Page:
Carson continues to suggest possible sites for the staff to visit on its day off, each suggestion even worse than the last. Mrs. Hughes tacks a postcard showing the beach to the downstairs bulletin board, hoping Carson will pick up on the clue.
Scheming Thomas puts pressure on Baxter (Raquel Cassidy), Cora’s lady’s maid, to tell him house gossip, particularly about what’s going on between Anna and Bates. Footman Molesley (Kevin Doyle), her new white knight and champion, comes to her rescue yet again, warning her against making a bad decision.
Also downstairs, Harold’s valet, Ethan Slade (Michael Benz), a chipper and garrulous Yank, has taken an instant shine to assistant cook Daisy Mason (Sophie McShera). After his boss wolfs down three helpings of Daisy’s kedgeree, Ethan proposes that she come to America to cook for Harold.
Mary and Rose recruit Charles to help search Sampson’s apartment for the purloined letter. Sadly, they come up empty. Returning home to Grantham House, Mary shakes her head to indicate to Robert that they failed. Robert calls an end to the poker game.
Bates, who was also in on the plan, helps the departing Sampson don his coat, covertly lifting the letter out of the scoundrel’s inside breast pocket. After Sampson leaves, Bates hands the letter to Robert, who turns it over to Rose to return to Freda. “Mr. Sampson appears to have dropped it and Mr. Bates picked it up. Aren’t we fortunate?” says Robert says.
“Fortunate is one word for it,” Mary observes dryly.
As Anna is helping her undress for bed that night, Mary tells her, “A crisis for the monarchy has been averted. Though given [Edward’s] character, I don’t wonder that that there won’t be another.” (Here’s hoping Downton will run long enough to cover his abdication in 1936.) Mary requests that Anna thank Bates for her: “We are so much in his debt.” After Anna leaves, Mary tosses the potentially incriminating ticket stub into the fire. (It appears that viewers may never get a definitive answer on whether Bates did or did not kill his wife’s attacker.)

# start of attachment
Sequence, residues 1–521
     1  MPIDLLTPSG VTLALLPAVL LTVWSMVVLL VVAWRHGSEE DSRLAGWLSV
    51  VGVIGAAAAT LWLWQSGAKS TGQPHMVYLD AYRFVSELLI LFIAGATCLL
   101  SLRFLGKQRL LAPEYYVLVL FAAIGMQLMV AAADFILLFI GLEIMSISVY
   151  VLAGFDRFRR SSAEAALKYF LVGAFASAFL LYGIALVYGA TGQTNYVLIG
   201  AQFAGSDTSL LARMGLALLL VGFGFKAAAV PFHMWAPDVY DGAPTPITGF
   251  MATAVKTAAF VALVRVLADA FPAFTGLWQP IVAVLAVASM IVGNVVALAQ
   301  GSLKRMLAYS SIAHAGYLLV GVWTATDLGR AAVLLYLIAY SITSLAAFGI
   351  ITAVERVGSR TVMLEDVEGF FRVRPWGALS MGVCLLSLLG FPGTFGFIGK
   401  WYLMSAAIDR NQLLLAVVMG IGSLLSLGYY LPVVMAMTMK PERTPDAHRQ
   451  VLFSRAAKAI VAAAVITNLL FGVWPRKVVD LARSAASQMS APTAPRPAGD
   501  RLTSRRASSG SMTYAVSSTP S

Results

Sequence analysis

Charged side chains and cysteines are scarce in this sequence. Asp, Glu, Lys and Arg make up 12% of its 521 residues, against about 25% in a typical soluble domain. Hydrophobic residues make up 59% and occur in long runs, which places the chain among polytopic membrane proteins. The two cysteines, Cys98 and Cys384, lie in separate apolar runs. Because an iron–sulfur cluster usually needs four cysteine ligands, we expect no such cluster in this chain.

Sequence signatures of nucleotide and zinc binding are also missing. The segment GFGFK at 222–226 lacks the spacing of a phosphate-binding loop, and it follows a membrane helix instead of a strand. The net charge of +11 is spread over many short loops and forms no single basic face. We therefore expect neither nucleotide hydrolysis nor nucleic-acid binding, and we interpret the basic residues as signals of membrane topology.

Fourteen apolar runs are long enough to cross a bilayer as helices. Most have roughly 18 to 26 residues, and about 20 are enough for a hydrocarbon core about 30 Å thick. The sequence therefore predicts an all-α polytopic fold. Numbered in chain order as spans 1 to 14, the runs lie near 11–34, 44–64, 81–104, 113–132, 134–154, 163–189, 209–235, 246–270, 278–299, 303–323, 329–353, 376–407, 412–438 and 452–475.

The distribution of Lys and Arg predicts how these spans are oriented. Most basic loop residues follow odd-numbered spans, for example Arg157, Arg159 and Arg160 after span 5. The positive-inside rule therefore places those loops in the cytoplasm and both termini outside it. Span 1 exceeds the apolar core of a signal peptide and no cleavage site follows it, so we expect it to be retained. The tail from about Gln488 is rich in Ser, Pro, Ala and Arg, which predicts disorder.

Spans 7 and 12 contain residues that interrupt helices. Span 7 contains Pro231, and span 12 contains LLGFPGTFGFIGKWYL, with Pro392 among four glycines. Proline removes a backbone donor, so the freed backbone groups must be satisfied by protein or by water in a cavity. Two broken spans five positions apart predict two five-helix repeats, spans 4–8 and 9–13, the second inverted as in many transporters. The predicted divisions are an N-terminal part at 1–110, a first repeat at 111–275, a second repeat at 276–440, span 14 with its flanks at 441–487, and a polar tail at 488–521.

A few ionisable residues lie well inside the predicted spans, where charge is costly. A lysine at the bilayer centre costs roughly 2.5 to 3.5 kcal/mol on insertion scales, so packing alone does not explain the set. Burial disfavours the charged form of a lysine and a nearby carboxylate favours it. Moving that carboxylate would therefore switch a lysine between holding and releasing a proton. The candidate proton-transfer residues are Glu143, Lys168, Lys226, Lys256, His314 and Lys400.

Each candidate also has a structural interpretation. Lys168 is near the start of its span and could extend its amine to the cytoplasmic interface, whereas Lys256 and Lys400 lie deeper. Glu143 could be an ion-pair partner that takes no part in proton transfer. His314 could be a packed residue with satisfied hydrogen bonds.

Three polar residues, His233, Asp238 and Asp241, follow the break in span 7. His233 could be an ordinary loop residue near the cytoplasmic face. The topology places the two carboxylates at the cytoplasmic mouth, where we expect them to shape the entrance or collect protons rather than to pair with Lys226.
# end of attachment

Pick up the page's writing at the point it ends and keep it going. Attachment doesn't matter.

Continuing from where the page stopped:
Robert and Cora throw a fancy ball for Rose’s come-out. The Prince of Wales arrives with Freda, telling the Crawleys he hopes they won’t mind if he’s a party crasher. “You honor this house with your presence,” Cora tells him. The grateful Prince dances the first dance with Rose.
At the ball, Violet asks Tom if he’s glad to be attending. “These are your people now. This is your family,” she says.
“This may be my family but these are not quite my people,” he replies, gesturing at the assembled stuffed shirts.
The former chauffer then asks the Dowager Countess to dance. Accepting, Violet jokes, “I know I can trust you to steer.”
Martha turns down a proposal of marriage from Lord Aysgarth. He’s shocked. “Don’t you want to be Lady Aysgarth?” he asks plaintively.
She bluntly tells him no. “I don’t want to spend my days with people who think me loud, and opinionated and common. I think they are narrow, pompous and boring,” says Martha.
Harold and Madeleine dance. They have come to regard each other fondly. It’s not quite a romance but there’s promise in the air. “Will you write and tell me how thing’s are going?” Harold asks.
“I shall be delighted,” she replies. Might we see the two of them next season?
Tony and Mary take a break from dancing for a private conversation. Tony wants to know where he stands vis-à-vis Charles, his rival for Mary’s romantic affections. She says she’s not making any decisions yet. Tony then proves himself a stand-up guy or, as the show would have it, a true gentleman when he tells Mary that Charles is actually in line to inherit a baronage along with a massive estate in Ulster. “Charles has always played it down. But, in fact, he’s going to be a lot more eligible than I am,” Tony says.
Mary remains undecided about committing to either man but is ready to at least think about moving forward. “A year ago, I thought I’d be alone forever, that I would mourn Matthew to the end of my days. Now I know that isn’t true, that there will be a new life for me–one day,” she says. Tony clasps her hand in his.